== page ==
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Low-quality Patents in the Eye of the Beholder: Evidence from Multiple Examiners

Author

Listed:
  • Gaétan de Rassenfosse
  • Adam B. Jaffe
  • Elizabeth Webster

Abstract

Low-quality patents are of considerable concern to businesses operating in patent-dense markets. There are two pathways by which low-quality patents may be issued: the patent office may apply systematically a standard that is too lenient (low inventive step threshold); or the patent office may grant patents that are, in fact, below its own threshold (so-called ‘weak’ patents). This paper uses novel data from inventions that have been examined at the five largest patent offices and an explicit model of the grant process to derive first-of-their-kind office-specific estimates of the height of the inventive step threshold and the prevalence of weak patents. The empirical analysis is based on patent applications granted at one office but refused at another office. We estimate that the fraction of patent grants associated with a patent standard that is lower than that of other countries ranges from 2-15%, with Japan having the tightest standard and the United States and China the loosest. The fraction of grants that are inconsistent with the office’s own standard ranges from 2-6 per cent. The fraction of grants that are inconsistent in this sense is generally higher in newer fields such as software and biotechnology, and lower in traditional fields such as mechanical engineering. Our estimates of invalidity are much lower than those that have been derived from litigation studies, consistent with litigated patents being highly non-representative of the population.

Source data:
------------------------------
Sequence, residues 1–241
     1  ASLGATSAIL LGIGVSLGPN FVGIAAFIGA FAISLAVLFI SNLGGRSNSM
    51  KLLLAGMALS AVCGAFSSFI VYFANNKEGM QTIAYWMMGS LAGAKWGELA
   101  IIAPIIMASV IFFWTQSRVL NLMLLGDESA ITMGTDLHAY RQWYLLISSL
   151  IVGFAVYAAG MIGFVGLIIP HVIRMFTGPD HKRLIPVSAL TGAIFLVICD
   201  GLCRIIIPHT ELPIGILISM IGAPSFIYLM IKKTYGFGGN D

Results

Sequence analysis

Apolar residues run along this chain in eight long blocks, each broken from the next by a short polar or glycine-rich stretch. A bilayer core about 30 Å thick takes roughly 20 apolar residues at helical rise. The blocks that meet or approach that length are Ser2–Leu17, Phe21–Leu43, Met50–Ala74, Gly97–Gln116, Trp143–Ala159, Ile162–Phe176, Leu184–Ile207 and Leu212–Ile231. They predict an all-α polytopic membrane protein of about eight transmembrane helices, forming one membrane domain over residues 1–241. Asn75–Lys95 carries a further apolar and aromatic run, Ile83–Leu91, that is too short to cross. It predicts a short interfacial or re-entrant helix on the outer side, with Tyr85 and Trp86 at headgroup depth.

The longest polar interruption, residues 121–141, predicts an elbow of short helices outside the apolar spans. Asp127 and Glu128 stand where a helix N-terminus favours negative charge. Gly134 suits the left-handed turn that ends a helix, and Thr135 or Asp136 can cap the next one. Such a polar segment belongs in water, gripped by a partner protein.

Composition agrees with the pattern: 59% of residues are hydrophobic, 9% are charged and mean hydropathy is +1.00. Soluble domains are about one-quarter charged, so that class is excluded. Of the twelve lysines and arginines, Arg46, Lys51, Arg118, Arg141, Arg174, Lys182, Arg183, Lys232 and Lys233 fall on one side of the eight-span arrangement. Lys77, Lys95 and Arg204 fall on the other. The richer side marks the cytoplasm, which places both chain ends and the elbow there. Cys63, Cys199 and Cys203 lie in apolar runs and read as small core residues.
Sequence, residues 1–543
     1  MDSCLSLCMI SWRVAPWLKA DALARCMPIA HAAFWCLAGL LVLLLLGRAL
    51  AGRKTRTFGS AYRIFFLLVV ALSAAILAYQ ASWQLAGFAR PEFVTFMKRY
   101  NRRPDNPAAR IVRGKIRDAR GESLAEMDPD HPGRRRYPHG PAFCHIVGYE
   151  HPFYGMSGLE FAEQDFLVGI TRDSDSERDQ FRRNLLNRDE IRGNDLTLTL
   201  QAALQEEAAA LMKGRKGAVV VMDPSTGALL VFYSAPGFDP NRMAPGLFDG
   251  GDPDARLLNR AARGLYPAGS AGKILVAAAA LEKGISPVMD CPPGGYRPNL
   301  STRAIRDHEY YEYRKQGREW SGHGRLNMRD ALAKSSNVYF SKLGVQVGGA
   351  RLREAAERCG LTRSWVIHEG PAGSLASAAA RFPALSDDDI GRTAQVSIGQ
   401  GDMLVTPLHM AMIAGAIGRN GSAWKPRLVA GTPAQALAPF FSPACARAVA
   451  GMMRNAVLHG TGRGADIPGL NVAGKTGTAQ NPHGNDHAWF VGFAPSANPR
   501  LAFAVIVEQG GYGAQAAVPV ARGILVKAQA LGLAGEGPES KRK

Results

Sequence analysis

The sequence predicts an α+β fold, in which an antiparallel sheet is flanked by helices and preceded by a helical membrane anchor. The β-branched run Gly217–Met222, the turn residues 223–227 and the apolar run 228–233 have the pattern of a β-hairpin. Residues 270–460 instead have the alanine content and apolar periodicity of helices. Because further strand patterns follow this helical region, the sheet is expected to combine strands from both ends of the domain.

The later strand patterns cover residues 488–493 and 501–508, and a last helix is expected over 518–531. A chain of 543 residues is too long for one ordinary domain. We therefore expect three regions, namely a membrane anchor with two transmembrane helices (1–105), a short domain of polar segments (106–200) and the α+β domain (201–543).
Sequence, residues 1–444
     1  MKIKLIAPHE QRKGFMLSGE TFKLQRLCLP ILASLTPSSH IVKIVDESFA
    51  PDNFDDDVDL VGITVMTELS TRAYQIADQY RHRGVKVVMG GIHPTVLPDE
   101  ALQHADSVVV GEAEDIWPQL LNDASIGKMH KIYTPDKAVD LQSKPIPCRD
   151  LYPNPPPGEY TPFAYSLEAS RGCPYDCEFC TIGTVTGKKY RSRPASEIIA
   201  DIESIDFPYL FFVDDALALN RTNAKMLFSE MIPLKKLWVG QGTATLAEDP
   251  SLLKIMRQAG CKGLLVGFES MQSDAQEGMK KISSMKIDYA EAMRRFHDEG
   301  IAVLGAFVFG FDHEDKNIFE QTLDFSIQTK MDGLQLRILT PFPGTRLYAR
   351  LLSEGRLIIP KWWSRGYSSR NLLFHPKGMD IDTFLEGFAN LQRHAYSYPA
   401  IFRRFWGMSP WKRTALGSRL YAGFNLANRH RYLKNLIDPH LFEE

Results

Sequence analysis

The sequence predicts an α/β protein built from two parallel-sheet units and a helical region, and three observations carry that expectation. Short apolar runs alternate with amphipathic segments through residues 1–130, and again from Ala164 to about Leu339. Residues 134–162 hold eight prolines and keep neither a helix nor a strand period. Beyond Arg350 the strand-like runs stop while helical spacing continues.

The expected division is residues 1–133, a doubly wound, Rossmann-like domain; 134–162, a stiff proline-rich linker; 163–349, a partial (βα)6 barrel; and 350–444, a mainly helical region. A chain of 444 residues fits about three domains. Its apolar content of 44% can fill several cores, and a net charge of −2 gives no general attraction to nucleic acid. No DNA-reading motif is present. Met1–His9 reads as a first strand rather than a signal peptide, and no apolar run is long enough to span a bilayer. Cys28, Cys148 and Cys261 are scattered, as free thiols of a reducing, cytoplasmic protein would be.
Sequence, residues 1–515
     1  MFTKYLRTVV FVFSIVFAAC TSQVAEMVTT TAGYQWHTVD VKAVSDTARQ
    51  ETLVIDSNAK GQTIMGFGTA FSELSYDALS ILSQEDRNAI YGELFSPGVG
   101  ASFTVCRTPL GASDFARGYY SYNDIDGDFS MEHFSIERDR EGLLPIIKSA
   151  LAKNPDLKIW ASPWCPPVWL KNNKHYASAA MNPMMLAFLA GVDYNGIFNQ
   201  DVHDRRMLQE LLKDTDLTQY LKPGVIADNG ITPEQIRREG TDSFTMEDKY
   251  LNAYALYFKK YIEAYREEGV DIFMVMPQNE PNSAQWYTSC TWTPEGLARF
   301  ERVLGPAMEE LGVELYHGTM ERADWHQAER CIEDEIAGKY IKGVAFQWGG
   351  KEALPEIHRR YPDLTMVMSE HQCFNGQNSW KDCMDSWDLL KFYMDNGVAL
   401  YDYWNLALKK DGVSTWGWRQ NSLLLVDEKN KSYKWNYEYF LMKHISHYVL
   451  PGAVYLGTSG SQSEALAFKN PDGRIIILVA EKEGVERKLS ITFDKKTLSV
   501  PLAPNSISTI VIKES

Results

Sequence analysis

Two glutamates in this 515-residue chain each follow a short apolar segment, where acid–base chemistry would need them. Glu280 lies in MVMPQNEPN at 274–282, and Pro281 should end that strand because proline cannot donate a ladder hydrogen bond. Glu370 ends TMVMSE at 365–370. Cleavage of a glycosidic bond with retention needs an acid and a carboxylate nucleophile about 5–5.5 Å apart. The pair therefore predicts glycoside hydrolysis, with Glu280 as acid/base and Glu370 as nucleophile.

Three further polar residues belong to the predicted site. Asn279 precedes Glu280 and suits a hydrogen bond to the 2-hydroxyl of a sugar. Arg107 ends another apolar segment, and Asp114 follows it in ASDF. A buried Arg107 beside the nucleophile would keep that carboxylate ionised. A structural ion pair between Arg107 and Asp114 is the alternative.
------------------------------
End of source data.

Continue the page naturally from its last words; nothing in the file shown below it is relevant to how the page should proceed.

Suggested Citation

  • Gaétan de Rassenfosse & Adam B. Jaffe & Elizabeth Webster, 2016. "Low-quality Patents in the Eye of the Beholder: Evidence from Multiple Examiners," NBER Working Papers 22244, National Bureau of Economic Research, Inc.
  • Handle: RePEc:nbr:nberwo:22244
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    Cited by:

    1. Stefano Comino & Fabio M. Manenti & NIkolaus Thumm, 2017. "The Role of Patents in Information and Communication Technologies (ICTs). A survey of the Literature," "Marco Fanno" Working Papers 0212, Dipartimento di Scienze Economiche "Marco Fanno".
    2. Sampat, Bhaven N. & Shadlen, Kenneth C., 2017. "Secondary pharmaceutical patenting: A global perspective," Research Policy, Elsevier, vol. 46(3), pages 693-707.

    More about this item

    JEL classification:

    • K41 - Law and Economics - - Legal Procedure, the Legal System, and Illegal Behavior - - - Litigation Process
    • L43 - Industrial Organization - - Antitrust Issues and Policies - - - Legal Monopolies and Regulation or Deregulation
    • O34 - Economic Development, Innovation, Technological Change, and Growth - - Innovation; Research and Development; Technological Change; Intellectual Property Rights - - - Intellectual Property and Intellectual Capital

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